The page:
In response to plaintiff's allegation that she was denied her request for the front desk sergeant position on account of her gender, defendants reference the criteria within the Police Union's contract for the approval of officers' transfer requests. This criteria includes seniority, experience, education, training, evaluations, health, skills, unique qualifications, and individual requests. Rather than make a decision based upon the candidates' genders, defendants contend that the male sergeant appointed to the position was more qualified than plaintiff. In particular, defendants cite the experience criterion within the Police Union contract as the primary basis for their decision. Defendants explain the male sergeant selected had prior experience working at the very same position but on a different shift. Accordingly, defendants have proffered a legitimate, non-discriminatory reason for selecting the male sergeant rather than approving plaintiff's transfer request because the male sergeant was of equal rank and had more experience at the position than plaintiff.
Defendants offer a different explanation for why plaintiff was not provided with a take-home police vehicle for a two month period. Defendants again reference the arbitration agreement between the City of Syracuse and plaintiff in which plaintiff's grievance was resolved. Pursuant to the arbitration agreement, plaintiff was to be provided with a take-home vehicle if all other sergeants within her division were also provided with vehicles. Because plaintiff was the only sergeant within her division, defendants contend they were not required to provide plaintiff with a take-home vehicle. In recognition of the fact that plaintiff could still be discriminated against despite defendants' compliance with the arbitration agreement, defendants also submit that plaintiff was not provided a take-home vehicle because no such vehicles were available. Defendant Chief Falge states he determined a take-home vehicle was not critical for plaintiff to perform her duties. Defendants explain that plaintiff was provided a take-home vehicle two months after her transfer when a vehicle became available in March of 2000. Defendants' determination that a take-home vehicle was not necessary for plaintiff to perform her duties, coupled with the unavailability of vehicles within the SPD, constitute a legitimate, non-discriminatory reason for the decision not to provide plaintiff with a take-home vehicle for a two month period following her transfer to the Crime Prevention Unit.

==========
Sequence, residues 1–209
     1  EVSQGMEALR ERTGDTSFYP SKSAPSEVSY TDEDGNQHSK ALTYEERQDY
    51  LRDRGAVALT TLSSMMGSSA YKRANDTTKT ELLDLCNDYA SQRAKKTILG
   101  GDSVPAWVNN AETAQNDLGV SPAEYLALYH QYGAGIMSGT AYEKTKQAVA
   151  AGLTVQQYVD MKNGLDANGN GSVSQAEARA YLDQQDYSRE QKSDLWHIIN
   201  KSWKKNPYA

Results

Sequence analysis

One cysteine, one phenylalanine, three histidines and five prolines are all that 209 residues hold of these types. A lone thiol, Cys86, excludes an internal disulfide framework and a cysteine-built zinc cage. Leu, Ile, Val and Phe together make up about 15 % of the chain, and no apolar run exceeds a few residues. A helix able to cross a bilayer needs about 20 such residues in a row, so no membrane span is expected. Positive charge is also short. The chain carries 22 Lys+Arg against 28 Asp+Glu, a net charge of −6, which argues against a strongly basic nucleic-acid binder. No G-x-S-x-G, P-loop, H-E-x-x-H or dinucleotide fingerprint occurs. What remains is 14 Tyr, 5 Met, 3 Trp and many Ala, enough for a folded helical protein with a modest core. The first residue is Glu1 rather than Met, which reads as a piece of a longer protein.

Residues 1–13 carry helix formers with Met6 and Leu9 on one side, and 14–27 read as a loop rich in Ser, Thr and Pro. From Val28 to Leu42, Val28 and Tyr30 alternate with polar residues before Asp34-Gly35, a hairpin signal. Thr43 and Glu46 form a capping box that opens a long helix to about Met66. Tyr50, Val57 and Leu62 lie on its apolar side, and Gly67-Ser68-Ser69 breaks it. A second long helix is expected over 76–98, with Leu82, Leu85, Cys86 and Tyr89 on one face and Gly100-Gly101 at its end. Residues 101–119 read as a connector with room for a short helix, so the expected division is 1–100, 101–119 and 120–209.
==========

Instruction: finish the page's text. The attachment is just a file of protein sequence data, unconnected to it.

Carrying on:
Defendants also offer a legitimate, non-discriminatory reason for the removal of plaintiff from the Marine Patrol Unit. Following the review of an accident involving the Marine Patrol Unit's vessel, the SPD implemented new requirements for officers working in the Marine Patrol Unit, including mandatory certification of all unit members in American Red Cross lifesaving techniques. Plaintiff is among several officers, some of which are men, who were removed from the Marine Patrol Unit because they did not have an American Red Cross lifesaving certification. Plaintiff remains eligible to be reinstated to the Marine Patrol Unit upon her being certified in American Red Cross lifesaving techniques, but plaintiff has declined to obtain such a certification. As a result of the SPD's new requirements, defendants have proffered a legitimate, non-discriminatory reason for plaintiff's removal from the Marine Patrol Unit.
To summarize, defendants have proffered legitimate, non-discriminatory reasons for each of plaintiff's allegations of gender discrimination. Consequently, defendants have satisfied the second prong of the McDonnell Douglas burden shifting analysis and the onus returns to plaintiff.
c. Establishing Pretext